Gymnasion” by 22-year-old singer-songwriter HÅN (Giulia Fontana) is a synth-pop gem that swirls and glistens from beginning to end. Drawing inspiration from the natural landscapes of her hometown of Garda, a small town in northern Italy, her music paints a vivid picture of her vast, scenic surroundings. About the track, HÅN recollects saying, “Calling this song ‘gymnasion’ was a reference both to the place where I met the person in the song and to that period of my life together with the universe of little things I associate it with.” As a multi-lingual artist, the title track takes on multiple meanings and appropriately fits a song of which listeners can apply to numerous people and situations in their lives. Fontana unveils her personal experiences through her soothing voice that illuminates “Gymnasion” and leaves us eager to hear more from her upcoming EP due out Fall 2019.

:: “Bags” – Clairo ::

Nicole Almeida, Philadelphia

"Bags" - Clairo

When things go viral, you hardly ever expect them to be good. Fun, yes. Funny, probably. Entertaining for a short amount of time and crucial for you to be able to engage in the current pop culture discourse, definitely. But genuinely good and long lasting, not that much. Clairo, the 19-year-old songwriter and artist who came to prominence and achieved viral status with the single “Pretty Girl” and its accompanying video, is great. Her first EP, diary 001, released in the summer of 2018, was a collection of intimate moments backed by funky, pop, and colourful sounds. It encapsulated the experience of being young in an entertaining and honest manner, and made Clairo an indispensable presence in the pop world. She embarked on a sold out tour supporting Dua Lipa, and then a North American and global sold out headlining tour, all experiences that paved the way for Clairo to gain comfort with her newly found notoriety, become more confident with her music and live shows, and gain courage to speak up about issues that mattered to her. Recently, Clairo has opened up about her fluid sexuality and her experience with juvenile rheumatoid arthritis – and she channels these aspects of her life into her just announced debut album Immunity, out on August 2nd.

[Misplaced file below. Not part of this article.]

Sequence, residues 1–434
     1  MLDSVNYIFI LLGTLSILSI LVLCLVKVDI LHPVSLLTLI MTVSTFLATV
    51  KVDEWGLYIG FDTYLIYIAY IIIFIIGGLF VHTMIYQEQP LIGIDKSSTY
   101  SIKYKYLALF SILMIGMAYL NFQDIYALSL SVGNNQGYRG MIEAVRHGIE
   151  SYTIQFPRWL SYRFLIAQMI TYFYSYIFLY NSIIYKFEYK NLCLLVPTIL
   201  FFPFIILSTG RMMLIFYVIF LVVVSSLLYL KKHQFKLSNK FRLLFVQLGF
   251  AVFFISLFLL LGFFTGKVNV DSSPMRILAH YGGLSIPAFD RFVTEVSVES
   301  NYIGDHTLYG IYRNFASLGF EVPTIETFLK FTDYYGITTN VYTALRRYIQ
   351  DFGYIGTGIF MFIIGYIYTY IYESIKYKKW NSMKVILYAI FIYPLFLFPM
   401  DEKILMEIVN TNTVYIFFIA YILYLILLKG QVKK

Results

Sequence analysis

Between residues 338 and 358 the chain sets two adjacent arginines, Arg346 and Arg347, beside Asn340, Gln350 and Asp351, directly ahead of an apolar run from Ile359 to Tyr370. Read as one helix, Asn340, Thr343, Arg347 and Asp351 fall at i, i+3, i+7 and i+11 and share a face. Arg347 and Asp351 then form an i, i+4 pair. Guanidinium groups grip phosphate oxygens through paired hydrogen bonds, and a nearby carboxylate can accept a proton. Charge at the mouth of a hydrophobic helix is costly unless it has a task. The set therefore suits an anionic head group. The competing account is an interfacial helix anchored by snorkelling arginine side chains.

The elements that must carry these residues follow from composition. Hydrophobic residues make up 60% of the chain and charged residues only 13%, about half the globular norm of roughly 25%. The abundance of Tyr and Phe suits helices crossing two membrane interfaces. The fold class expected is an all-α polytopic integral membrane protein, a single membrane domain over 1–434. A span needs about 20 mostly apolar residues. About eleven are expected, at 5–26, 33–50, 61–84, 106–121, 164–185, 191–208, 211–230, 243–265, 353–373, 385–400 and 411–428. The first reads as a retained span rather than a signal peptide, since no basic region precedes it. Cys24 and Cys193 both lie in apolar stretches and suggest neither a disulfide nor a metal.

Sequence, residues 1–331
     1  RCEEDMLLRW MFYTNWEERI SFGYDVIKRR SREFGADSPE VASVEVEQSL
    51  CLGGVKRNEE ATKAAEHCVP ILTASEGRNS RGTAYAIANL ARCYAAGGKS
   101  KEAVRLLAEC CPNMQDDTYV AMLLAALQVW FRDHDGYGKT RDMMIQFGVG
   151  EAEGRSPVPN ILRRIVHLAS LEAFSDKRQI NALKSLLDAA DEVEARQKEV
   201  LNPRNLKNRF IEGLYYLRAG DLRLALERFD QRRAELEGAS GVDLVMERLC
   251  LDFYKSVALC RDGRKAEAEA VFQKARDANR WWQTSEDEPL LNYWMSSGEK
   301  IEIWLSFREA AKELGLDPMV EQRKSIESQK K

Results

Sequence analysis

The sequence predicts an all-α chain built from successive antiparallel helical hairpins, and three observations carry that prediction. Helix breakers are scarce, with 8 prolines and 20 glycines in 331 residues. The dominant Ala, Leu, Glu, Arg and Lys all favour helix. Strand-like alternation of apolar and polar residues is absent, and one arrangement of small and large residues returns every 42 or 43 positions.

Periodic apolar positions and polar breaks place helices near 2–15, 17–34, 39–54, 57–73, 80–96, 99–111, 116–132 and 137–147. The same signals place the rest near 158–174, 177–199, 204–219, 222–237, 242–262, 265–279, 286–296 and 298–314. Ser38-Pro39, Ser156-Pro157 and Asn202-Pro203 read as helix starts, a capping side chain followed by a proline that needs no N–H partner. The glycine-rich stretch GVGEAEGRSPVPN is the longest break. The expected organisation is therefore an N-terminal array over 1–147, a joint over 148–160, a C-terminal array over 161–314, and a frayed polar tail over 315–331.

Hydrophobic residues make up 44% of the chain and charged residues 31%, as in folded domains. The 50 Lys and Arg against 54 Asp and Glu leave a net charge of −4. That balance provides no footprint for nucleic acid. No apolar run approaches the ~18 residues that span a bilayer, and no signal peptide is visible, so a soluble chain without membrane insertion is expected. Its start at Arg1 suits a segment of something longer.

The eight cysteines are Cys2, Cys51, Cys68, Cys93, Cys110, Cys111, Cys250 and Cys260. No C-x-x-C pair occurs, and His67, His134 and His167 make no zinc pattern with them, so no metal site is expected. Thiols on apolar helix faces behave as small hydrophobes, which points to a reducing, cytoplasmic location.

The lead single, “Bags,” which was released today, is a stellar achievement that shows Clairo’s development as an artist sonically and as a storyteller. “Bags” marks the first time Clairo is talking about having a crush on a girl in song, and it is the perfect depiction of the peach-coloured world and feeling of falling in love. Lyrics are full of imagery and show Clairo’s internal monologue as she grapples with these feelings:

Pour your glass of wine
But you’ll tell me I should be just fine, yeah
Cases under the bed
Spill it open, let it rush to my head
I don’t wanna be forward,
I don’t wanna cut corners
Savor this with everything I have inside of me
I’m not the type to run
I know that we’re having fun
But what’s the rush?
Kiss and then my cheeks are so flushed

“Bags” is the perfect introduction to the new phase of Clairo’s music and career. It’s a little more quiet and organic than what Clairo released before, but it’s a song that is perfectly felt by every single listener. It begs to be listened to on repeat, and makes Immunity something to look forward to just that much more. August 2nd can’t come soon enough.

:: “I Wish That You Were Coming Home” – Hearts <3 ::

Lindsay Call, California

"I Wish That You Were Coming Home" - Hearts <3